Animals in research
are dedicated to saving lives by developing better treatments
and cures for heart conditions. As part of this work we support
essential research using cells grown in a laboratory, computer
models, and human volunteers.
Where these are not feasible, we fund research involving
The Sunday Express recently ran an
article about an animal rights campaign led by Animal Aid that
cited research involving the British Heart Foundation. While some
of our research does involve animals, we did not fund this
particular study. We were acknowledged in the research paper
because we’re one of the many general funders of this
We actively encourage our funded
researchers to use fewer animals and look for other research
methods. If that's not possible we require them to apply the
highest standards to animal welfare.
Our research has led
to life-saving medical advances for heart patients over the
past half century. But there's so much work to be done and, for the
foreseeable future, that will involve using animals in
All our grant applications go through a strict peer review
system when deciding which to fund. This makes sure that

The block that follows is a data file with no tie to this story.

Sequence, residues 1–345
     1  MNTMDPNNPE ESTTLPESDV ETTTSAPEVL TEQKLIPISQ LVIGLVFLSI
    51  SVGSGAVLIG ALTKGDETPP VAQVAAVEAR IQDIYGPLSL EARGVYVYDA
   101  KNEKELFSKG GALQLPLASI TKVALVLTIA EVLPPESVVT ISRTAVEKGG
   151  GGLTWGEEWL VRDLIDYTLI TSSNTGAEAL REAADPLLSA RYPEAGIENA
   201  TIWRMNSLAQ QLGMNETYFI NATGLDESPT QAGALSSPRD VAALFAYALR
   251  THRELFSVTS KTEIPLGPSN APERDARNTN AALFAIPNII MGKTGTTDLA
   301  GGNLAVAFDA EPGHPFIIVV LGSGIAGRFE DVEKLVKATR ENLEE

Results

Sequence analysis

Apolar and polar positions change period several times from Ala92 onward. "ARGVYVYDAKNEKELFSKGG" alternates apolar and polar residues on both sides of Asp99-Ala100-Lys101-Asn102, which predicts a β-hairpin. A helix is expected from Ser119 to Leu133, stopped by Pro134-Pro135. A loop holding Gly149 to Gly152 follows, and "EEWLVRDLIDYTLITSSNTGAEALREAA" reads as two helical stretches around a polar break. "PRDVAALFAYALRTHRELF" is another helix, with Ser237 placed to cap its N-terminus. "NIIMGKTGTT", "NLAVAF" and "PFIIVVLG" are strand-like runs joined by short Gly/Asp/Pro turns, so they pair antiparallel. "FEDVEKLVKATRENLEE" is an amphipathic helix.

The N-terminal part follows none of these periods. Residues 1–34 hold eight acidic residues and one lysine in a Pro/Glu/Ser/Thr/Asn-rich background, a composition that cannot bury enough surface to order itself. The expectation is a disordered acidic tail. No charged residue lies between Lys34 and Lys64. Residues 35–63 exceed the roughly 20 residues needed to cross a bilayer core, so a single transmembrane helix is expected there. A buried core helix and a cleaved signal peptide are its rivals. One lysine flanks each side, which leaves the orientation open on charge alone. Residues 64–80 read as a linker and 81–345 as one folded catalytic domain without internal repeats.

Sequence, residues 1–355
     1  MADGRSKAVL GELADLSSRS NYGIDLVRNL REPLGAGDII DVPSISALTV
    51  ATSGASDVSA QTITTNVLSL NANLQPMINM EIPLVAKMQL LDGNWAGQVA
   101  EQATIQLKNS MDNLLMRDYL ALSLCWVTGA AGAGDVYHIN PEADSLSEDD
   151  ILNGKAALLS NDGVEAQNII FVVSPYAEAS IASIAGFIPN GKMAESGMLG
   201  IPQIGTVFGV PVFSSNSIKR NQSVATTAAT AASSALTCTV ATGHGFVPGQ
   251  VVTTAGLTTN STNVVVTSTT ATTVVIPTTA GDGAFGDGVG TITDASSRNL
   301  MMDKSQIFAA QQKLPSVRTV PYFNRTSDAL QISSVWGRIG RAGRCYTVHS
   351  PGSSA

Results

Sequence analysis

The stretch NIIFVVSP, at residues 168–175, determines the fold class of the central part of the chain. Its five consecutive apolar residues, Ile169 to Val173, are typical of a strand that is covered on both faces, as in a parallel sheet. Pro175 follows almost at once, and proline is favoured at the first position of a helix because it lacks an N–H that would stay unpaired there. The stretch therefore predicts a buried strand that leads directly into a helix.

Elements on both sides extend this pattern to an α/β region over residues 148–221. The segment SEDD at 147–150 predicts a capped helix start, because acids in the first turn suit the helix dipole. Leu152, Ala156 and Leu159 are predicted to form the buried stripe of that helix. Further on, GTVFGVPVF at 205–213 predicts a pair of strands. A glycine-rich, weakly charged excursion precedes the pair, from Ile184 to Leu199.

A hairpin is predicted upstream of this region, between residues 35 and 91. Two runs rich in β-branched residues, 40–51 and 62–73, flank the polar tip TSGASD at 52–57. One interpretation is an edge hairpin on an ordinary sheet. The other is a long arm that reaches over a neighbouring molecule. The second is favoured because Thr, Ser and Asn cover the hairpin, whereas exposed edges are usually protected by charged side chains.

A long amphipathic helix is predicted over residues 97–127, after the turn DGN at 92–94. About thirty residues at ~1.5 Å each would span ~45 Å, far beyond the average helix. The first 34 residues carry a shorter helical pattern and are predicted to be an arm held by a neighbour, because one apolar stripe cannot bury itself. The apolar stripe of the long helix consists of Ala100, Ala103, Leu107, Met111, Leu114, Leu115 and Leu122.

all BHF-funded scientists are following a clear set of
principles - the
three Rs - to reduce the number of animals used and
maximise their welfare:
- replace with non-animal alternatives where possible
- reduce the number of animals used
- refine the care and attention of animals to achieve the highest
When our researchers do use animals, all work is carried out in
line with strict Home
This is not an issue we or our funded researchers take
The research community is constantly developing new techniques
to help us use fewer animals or non-animal models. Our scientists
carry out as much of their research as possible on human
volunteers, cells, or computers.
However, completely replacing all animals in research is not yet
possible. There is no alternative method that can reproduce the
complicated working of our hearts and circulatory systems.
More work to be done
Many of the treatments we commonly use today could not have been
developed without animal research. Heart failure medicines, pacemakers, and heart
transplants are just a few examples.
But coronary heart disease is still the UK’s single biggest
killer. We need more research to develop new treatments and help
people live longer happier lives. And sometimes, we will need
animal research to do this.
For more information please see our
Animal and Heart Research leaflet or email firstname.lastname@example.org.